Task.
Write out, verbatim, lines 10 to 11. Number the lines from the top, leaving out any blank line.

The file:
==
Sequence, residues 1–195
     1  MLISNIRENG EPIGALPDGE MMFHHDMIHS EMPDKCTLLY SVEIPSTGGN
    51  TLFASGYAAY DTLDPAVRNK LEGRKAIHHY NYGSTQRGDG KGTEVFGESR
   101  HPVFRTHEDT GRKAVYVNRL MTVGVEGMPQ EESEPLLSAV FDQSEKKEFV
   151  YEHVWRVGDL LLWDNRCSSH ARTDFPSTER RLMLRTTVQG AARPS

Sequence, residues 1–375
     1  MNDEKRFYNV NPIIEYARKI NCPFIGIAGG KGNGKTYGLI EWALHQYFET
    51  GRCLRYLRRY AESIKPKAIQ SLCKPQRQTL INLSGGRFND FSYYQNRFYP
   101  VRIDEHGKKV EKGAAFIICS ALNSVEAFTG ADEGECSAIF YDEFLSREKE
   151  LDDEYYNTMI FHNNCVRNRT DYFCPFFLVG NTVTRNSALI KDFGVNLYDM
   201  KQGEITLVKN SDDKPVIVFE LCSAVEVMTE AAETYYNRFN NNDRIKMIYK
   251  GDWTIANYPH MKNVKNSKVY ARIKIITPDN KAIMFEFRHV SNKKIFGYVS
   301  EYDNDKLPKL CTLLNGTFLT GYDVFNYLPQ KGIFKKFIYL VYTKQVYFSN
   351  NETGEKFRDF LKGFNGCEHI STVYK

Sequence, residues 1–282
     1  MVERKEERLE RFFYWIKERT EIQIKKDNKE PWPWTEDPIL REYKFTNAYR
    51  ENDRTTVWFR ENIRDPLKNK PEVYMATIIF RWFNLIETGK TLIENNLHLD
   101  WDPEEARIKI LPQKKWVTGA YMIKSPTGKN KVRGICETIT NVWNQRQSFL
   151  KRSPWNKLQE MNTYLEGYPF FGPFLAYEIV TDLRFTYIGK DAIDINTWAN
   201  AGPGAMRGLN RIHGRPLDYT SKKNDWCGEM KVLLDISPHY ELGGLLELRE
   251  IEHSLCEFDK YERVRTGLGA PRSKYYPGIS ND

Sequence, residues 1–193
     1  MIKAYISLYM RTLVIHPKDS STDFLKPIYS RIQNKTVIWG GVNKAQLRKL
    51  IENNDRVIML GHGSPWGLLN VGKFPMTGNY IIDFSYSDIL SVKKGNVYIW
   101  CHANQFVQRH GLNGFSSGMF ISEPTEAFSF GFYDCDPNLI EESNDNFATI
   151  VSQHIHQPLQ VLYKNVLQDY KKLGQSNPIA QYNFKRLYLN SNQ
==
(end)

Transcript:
   151  LDDEYYNTMI FHNNCVRNRT DYFCPFFLVG NTVTRNSALI KDFGVNLYDM
   201  KQGEITLVKN SDDKPVIVFE LCSAVEVMTE AAETYYNRFN NNDRIKMIYK